Elders and youth from Sachs Harbour, N.W.T., are in Yellowknife this week to examine some of the oldest artifacts ever found in the Canadian Arctic.

Archaeologist Lisa Hodgetts, an associate professor at the University of Western Ontario, is leading a five-year study on the entire human history of Banks Island in the Northwest Territories — which spans 3,500 years.

Lisa Hodgetts

Hodgetts says that she hopes to create copies of the artifacts using a 3D printer - they're too fragile to be displayed outside a museum - and create a permanent display in Sachs Harbour. (CBC)

It's the island the community is located on, and Hodgetts wants Sachs Harbour to be involved in her work.

"All of these things are from their home," she said. "This is their heritage, and I think it is really important that people have access to it and learn about it.

"Certainly, the elders all think it is really important that the youth understand their history and their past. So we are trying to help make that happen."

Lena Wolki, one of the elders who made the trip to Yellowknife, is excited that the community's youth were included in the trip.

"I am really happy they are here," she said. "They have never seen this kind of stuff before. They never see these kinds of tools before. They have never seen needles made out of nothing. I am really happy."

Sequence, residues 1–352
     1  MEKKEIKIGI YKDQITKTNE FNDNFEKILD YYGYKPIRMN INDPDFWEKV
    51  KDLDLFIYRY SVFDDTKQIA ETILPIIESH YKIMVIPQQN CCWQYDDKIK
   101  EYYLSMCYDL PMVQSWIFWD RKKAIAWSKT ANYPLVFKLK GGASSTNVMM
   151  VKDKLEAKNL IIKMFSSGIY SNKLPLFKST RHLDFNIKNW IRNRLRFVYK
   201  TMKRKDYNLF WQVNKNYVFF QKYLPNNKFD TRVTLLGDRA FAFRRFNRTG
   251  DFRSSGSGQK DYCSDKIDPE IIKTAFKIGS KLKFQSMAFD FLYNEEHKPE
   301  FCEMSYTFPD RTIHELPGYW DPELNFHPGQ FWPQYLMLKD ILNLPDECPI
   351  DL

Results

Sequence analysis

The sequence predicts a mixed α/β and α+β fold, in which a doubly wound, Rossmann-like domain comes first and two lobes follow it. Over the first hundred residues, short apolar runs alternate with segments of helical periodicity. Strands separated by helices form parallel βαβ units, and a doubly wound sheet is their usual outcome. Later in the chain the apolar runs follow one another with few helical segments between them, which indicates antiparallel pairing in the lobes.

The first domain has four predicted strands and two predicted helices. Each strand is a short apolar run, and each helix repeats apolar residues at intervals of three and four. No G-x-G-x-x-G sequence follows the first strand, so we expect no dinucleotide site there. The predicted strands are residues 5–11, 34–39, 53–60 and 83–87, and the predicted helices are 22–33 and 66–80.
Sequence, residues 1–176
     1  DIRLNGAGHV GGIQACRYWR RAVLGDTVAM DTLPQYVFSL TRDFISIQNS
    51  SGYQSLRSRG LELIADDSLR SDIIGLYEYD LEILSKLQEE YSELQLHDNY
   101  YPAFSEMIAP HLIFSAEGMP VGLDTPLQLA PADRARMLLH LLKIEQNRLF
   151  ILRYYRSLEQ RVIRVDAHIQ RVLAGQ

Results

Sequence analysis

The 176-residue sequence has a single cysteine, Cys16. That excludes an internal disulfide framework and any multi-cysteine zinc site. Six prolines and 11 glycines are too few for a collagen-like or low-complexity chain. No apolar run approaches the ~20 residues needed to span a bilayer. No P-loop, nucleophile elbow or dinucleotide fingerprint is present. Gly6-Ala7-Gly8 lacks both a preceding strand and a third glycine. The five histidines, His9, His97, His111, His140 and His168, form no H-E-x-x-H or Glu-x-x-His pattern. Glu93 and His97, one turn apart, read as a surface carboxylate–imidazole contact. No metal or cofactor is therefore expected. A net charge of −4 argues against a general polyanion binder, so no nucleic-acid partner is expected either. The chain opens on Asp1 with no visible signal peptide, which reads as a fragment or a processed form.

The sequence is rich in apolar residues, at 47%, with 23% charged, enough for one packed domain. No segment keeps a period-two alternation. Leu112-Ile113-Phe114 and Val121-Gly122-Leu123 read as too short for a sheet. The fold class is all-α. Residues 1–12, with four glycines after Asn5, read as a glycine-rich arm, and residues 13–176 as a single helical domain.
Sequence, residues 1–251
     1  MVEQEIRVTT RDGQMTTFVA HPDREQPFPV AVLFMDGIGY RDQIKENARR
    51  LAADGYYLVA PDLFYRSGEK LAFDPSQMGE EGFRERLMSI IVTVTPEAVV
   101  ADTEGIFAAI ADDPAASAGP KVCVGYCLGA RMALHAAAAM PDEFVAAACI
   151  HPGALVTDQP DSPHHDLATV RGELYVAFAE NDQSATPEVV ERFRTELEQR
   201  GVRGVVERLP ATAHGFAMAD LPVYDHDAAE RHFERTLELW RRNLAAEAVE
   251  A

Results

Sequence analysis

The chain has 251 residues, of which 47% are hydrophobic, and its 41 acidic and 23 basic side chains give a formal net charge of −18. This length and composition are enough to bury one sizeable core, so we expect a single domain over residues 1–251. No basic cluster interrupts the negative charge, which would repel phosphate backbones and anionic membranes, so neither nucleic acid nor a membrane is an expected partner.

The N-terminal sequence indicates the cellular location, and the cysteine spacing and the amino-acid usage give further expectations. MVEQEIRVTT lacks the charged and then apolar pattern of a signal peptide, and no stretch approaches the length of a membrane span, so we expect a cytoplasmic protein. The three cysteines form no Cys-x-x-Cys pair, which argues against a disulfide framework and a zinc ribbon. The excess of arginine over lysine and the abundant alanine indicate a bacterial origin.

'So different from back then'

Mariah Lucas, who is from Sachs Harbour, worked with Hodgetts on Banks Island last summer, and is fascinated with how different life must have been compared to the modern day.

"It's so different from back then to today," she said. "And it gives us an idea of how we used to live in our culture."

Kamik

This kamik, found on Banks Island, is estimated to be 2,500 years old. Elder Lena Wolki recognizes it, though: 'I used to make them with my mom.' (CBC)

One of the many rare finds Hodgetts' team unearthed is a nearly 2,500-year-old kamik, which archaeologists believe is from a pre-Dorset culture. That would mean it comes from a people not related to Banks Islands' current inhabitants, the Inuvialuit.

Despite that, the boot still looks familiar to Wolki.

"I grew up with that kind of boot," she said. "So it's not new to me. It's not surprising what they are made of. I used to make them with my mom."

Hodgetts says that because the artifacts are too fragile to be displayed outside a museum, she hopes to make copies of them using 3D printers, with a goal of having a permanent display in Sachs Harbour for everyone in the community to enjoy.

"All of these things are from their home," she said. "This is their heritage, and I think it is really important that people have access to it and learn about it."